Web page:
Put simply, the Oedipus Complex represents the outworking of loving and hostile wishes which every child experiences towards its parents which are then transferred into all subsequent social relations, including the special transference relation with the analyst. We are born to our mothers with whom we have formed a bond of intense love, only to be taken from her embrace after a short few years by the father (or his representative) and thus led out into the world reluctantly and ambivalently – that is, we hate him (and could kill him) for taking us away from her love. Very complex derivatives of these loving and hating impulses, incest and parricide, and the defences against them, persist into adult life hidden in the unconscious, waiting to be interpreted (if they are too troublesome) by the psychoanalyst. But the massive resistance to knowing, or what the French analyst Lacan (1972-3) referred to as the “passion for ignorance” (110), or Bion (1967) called ‘K’, is the main reason why Oedipus is conveniently disregarded. Thus, the Oedipus Complex will be laughed out of court and, along with it, the discrediting of psychoanalysis itself. But as the old adage goes, such laughter is “at the expense of all serious things” (Nietzsche, 1886: 231). Even psychoanalysts themselves fight shy of the radicality of Freud’s original insight, preferring to let the idea drop, fall out of fashion, in favour of feminism, queer theory, political activism, and so on. Recall also, even Oedipus himself was so troubled by his own discovery about himself that he gouged out his eyes. Freud (1905) was so clear about the importance of Oedipus that he suggested, “Its recognition has become the shibboleth that distinguishes the adherents of psychoanalysis from its opponents” (226). The best known postmodern philosopher and populariser of Lacan, Slavoj Žižek (2006), has suggested, “We should elevate the unfortunate ‘Oedipus Complex’ to the dignity of ontology” (405).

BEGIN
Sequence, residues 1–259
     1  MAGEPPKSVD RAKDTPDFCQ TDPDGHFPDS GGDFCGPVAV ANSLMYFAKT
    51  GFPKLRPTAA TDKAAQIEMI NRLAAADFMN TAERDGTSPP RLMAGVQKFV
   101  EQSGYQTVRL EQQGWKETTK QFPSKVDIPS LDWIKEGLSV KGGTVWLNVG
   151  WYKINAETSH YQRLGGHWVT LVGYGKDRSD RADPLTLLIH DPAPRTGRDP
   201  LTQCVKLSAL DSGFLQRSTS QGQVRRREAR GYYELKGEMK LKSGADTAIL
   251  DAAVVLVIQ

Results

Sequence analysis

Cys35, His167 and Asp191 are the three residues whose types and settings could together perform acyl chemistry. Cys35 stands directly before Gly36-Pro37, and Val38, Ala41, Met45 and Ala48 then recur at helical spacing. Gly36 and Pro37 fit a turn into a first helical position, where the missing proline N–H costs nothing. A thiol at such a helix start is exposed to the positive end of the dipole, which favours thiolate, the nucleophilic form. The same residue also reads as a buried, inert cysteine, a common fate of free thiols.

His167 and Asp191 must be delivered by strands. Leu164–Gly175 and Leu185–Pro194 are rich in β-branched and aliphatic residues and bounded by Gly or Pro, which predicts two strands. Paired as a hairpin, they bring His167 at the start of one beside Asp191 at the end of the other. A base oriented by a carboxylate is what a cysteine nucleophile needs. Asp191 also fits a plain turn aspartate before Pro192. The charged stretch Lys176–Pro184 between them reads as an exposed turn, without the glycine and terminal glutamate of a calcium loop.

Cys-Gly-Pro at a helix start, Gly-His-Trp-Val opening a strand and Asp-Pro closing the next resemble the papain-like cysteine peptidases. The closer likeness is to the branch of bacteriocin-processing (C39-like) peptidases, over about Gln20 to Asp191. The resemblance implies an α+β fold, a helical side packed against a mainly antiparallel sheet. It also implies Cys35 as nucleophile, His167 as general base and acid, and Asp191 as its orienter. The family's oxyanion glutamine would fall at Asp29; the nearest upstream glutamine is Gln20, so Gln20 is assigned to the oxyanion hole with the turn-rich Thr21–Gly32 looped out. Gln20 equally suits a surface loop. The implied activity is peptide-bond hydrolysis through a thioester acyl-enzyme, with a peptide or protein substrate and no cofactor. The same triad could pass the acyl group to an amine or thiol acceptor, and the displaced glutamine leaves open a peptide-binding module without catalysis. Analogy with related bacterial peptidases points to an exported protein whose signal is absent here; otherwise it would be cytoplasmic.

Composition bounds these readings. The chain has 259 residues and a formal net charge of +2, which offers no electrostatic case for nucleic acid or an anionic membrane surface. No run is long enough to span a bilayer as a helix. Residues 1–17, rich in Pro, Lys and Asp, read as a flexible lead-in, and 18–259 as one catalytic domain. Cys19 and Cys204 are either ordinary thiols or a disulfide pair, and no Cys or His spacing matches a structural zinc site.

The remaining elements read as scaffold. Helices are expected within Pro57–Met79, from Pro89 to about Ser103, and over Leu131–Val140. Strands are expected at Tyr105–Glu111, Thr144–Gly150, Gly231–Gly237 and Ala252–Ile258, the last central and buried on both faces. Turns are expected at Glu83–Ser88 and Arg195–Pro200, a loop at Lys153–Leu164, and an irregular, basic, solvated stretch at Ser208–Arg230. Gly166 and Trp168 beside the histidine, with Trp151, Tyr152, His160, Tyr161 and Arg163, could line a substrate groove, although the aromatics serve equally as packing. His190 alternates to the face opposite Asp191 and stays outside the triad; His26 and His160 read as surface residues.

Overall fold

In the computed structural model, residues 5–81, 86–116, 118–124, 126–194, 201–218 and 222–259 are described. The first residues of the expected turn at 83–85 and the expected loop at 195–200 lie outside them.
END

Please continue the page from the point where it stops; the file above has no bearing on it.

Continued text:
Thus, the normal but often intense love-hate relations which co-exist and persist in the unconscious within families between siblings, between the generations, and between genders, people generally try to resolve and heal without help. The family is, and always has been, regarded as the glue that binds a society together, but unresolved Oedipal struggles can drive them apart, especially when incest or murder actually come to pass.